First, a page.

Exactly.  Freshman Congressmen aren't exactly the smartest hammers in the bag.
 
2013-01-18 10:41:16 AM

Aarontology: All that would really do is give more power to lobbyists since they wouldn't be subject to term limits and could stick around for congressman after congressman.


Who would then utterly fark us because we don't have a proper civil service in place to actually run things.
 
2013-01-18 10:41:31 AM

Angry Drunk Bureaucrat: Aarontology: All that would really do is give more power to lobbyists since they wouldn't be subject to term limits and could stick around for congressman after congressman.

Exactly.  Freshman Congressmen aren't exactly the smartest hammers in the bag.


Yup Without veteran congressman to show them the ropes, they'd turn to people like lobbyists to figure things out.
 
2013-01-18 10:42:30 AM

Tigger: Who would then utterly fark us because we don't have a proper civil service in place to actually run things.


Yeah. It would be straight up puppetry.
 
2013-01-18 10:47:30 AM

Linoleum_Blownapart: Flip the congressional seniority system around, so that freshmen representatives have all the big powerful committee chair positions.

If your congresscritter gets less powerful each election, you'll see a lot more turnover.


That is one of the dumbest ideas I've ever heard.  So this guy link should be in the leadership after just getting back to Congress after his constituents decided he was batshiat crazy twenty years ago?  No, thank you.

mahuika: Honestly, I think this is a terrible idea. Most of the across-the-aisle work is done by people who have been there a long time. We don't have the time to break every new congressman out of his or her Mr.-Smith-Goes-To-Washington phase every election cycle.


Not only are they more bipartisan, they actually know where the bathrooms are and how to get stuff done.  Why do we want more people like that?

FlashHarry: we need to change the house term to 4 years. two years means that most of your term is spent running for reelection.


OR we could make financing of political campaigns public, so they don't have to spend all of their time fundraising.  They actually spend comparatively little time campaigning, it's all chasing money.  Plus, two years is good so if they're awful they have less time to screw everything up before we can flush them.  I think two years is pretty smart, actually.  Remember, those are they guys who (are supposed to) have the power of the purse, ie, control how your money is spent.  You want more control, not less, on that.  And I say that as a D.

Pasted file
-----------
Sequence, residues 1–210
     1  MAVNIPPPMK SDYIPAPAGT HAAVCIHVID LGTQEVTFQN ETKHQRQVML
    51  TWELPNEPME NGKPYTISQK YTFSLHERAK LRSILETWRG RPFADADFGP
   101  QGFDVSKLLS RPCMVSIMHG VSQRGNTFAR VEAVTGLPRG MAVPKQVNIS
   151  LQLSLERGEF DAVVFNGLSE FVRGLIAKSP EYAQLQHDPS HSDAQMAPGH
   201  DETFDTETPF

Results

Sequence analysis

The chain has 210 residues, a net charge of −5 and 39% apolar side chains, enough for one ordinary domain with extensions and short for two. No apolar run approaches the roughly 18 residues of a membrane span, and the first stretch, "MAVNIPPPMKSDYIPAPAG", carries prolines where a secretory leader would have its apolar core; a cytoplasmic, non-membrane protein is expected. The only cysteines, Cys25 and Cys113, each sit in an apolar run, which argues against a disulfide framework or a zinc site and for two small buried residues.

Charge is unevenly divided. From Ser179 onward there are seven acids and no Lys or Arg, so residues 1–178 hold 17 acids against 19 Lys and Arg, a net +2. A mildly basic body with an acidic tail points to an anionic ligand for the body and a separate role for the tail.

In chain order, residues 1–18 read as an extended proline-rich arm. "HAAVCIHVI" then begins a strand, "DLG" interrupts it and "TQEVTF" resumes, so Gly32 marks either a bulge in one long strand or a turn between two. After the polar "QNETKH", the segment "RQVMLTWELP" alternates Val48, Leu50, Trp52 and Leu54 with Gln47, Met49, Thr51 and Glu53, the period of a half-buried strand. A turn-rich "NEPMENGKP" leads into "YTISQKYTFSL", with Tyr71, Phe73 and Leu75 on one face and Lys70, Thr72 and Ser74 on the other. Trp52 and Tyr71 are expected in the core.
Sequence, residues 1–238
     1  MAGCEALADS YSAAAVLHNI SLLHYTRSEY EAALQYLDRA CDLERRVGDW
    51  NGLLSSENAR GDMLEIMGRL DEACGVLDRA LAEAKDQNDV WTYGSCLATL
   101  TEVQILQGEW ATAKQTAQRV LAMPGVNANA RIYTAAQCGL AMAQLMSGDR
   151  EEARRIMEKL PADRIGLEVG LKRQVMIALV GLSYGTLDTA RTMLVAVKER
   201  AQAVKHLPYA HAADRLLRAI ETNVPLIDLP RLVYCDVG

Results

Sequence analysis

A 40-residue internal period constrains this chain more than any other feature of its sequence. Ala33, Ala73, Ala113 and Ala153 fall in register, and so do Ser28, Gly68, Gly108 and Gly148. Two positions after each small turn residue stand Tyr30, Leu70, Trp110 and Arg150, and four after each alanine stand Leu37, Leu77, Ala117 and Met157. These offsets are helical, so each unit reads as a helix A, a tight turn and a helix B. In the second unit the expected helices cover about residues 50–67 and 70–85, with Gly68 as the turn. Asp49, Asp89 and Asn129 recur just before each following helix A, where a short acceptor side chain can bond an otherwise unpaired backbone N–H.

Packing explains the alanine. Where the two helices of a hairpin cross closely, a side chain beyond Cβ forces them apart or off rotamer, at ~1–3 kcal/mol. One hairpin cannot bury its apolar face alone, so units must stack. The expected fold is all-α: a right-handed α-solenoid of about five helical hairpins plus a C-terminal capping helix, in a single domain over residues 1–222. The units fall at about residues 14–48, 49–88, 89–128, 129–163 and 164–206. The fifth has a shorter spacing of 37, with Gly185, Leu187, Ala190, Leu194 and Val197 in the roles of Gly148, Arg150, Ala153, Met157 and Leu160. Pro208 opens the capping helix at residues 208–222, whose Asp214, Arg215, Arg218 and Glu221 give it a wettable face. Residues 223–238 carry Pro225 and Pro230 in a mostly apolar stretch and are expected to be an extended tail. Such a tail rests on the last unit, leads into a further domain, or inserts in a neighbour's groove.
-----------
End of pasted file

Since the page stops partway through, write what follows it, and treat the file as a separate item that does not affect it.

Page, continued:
DamnYankees: Goddamm what a terrible idea. Do people really think the problem with Congress is that these people are *too* familiar with the intricate details of governance?


hehehehehhhheeee....  wait till these term limits people find out about professional staff members.  They'll lose their minds.
 
2013-01-18 11:02:09 AM

Aarontology: All that would really do is give more power to lobbyists since they wouldn't be subject to term limits and could stick around for congressman after congressman.


Yeah, exactly. And voters would have to rely even more heavily on the (R) or (D) system, as politicians wouldn't have time to form a strong enough base to break out opinions that don't toe the party line.
 
2013-01-18 11:04:08 AM
I'd love to see a limit of twelve years total in congress as a limit. And thats house and senate. So its two senate terms, six house terms, or 3 house terms and a senate term.
 
2013-01-18 11:05:43 AM
Term limits are silly. The past couple election cycles have shown if people are tired of their incumbent representatives they will vote them out.

It just looks like people are upset about how OTHER people are voting.
 
2013-01-18 11:06:34 AM

SilentStrider: I'd love to see a limit of twelve years total in congress as a limit. And thats house and senate. So its two senate terms, six house terms, or 3 house terms and a senate term.


And what problem does this solve?
 
2013-01-18 11:07:11 AM

NateGrey: Term limits are silly. The past couple election cycles have shown if people are tired of their incumbent representatives they will vote them out.

It just looks like people are upset about how OTHER people are voting.


Another very good point.
 
2013-01-18 11:08:15 AM
Because we need more freshman Congressmen like the Teabaggers in office.

Finding a way to get public funding done and tamping down PAC and lobbyist money would do a hell of a lot more to improve government (though I don't know of a good way to do that).